Memphis author Barry Wolverton writes novels about adventurers overcoming obstacles. Then he faced a challenge of his own.
The Dragon’s Gate is one of four books on Amazon authored by Barry, who writes adventure fantasy novels aimed at young audiences with other titles like The Vanishing Island and The Sea of the Dead. His heroes eventually triumph over adversity, but the author was less sure of his own success after he underwent total knee replacement surgery at OrthoSouth. Although he was only 52, his orthopedic surgeon, Kenneth Weiss, M.D., said that arthritic pain from old injuries had caused a degenerative condition that would only get worse. Barry couldn’t exercise without excruciating discomfort, so he felt he had no choice.
“The painful part of getting a new knee isn’t the surgery or the healing process. It’s the exercise required for rehab,” says Barry, who was determined to return to an active lifestyle. “After surgery, you don’t want to do anything except lie down. But I was told I had to move my knee no matter how painful. I had a machine at home that would move my leg up and down, so I was working on range-of-motion exercises even before my strength returned.”
His passion is for cycling, a hobby he started initially for its low-impact nature that suited his joints. After surgery, he started back on a cycling trainer at home but feared that his long-distance days were over.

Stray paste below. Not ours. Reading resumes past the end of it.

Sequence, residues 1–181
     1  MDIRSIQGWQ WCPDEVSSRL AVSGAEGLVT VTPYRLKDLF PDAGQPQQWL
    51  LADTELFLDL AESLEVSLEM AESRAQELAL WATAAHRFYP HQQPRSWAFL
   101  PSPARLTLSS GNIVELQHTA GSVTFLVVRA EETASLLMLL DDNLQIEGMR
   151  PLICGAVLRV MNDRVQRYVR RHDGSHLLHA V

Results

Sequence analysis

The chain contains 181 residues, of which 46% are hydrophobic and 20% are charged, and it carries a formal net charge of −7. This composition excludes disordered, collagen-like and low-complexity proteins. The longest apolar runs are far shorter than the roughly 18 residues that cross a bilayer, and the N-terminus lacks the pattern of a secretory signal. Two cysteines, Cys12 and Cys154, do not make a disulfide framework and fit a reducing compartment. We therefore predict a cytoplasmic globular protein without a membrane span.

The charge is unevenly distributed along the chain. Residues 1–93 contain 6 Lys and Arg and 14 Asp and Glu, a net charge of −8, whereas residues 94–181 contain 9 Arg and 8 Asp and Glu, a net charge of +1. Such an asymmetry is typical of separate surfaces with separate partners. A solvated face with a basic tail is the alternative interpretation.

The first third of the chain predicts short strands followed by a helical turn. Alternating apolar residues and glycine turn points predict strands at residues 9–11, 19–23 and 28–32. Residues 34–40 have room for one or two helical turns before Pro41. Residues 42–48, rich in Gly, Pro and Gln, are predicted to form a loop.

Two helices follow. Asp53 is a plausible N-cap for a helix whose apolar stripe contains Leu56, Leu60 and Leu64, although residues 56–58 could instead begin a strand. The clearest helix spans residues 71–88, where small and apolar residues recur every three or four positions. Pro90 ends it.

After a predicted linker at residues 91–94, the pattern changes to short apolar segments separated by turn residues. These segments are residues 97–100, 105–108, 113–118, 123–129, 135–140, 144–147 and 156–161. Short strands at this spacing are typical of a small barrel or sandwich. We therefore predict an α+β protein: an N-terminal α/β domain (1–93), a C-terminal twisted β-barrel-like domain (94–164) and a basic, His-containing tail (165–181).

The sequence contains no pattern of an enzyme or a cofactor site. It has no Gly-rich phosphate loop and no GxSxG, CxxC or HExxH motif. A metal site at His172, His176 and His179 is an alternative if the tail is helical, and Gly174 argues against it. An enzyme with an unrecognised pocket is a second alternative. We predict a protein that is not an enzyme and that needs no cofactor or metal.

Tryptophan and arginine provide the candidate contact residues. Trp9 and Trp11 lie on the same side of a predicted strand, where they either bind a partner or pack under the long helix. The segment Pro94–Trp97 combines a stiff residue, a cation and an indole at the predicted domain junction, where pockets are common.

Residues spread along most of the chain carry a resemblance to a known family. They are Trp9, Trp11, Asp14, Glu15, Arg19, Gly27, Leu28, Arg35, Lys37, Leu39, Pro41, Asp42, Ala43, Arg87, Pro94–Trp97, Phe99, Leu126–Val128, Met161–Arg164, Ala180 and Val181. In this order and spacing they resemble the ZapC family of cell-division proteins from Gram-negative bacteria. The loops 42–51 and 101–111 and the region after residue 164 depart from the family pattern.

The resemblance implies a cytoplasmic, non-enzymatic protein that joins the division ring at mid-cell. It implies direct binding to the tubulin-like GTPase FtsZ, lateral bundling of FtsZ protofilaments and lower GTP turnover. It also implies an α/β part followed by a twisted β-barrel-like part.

The biggest challenge most of us face, say health professionals, is balancing the exercise our bodies need with the sedentary lifestyle our job demands. No one is more prone to the “sitting disease” than authors who spend hours at a computer. Barry also does creative work for Archer Malmo, an advertising agency. Both sedentary jobs require the creative bursts that Barry says are fed by the solitude of cycling. “I’ve ridden with local groups to learn the best bike pathways, but I mostly enjoy just riding on my own.”
Now his recovery has amazed his physicians and friends. He averages 5,000 miles a year on his bike, a true accomplishment after full knee replacement surgery. He rides some days during his lunch break from his downtown office and then does long rides on weekends. He enjoys what cyclists call the “Marion loop” over the pedestrian bridge into soybean fields with a view of the downtown skyline.
“People told me I wouldn’t be able to ride hard again after getting a new knee, but none of that proved to be true,” says Barry, who became an action hero—the nonfiction kind.
By Michael Good
Photo by Tindall Stephens
Barry Wolverton’s fifth book is coming out soon. Details on his published books are at wolvertonhill.com.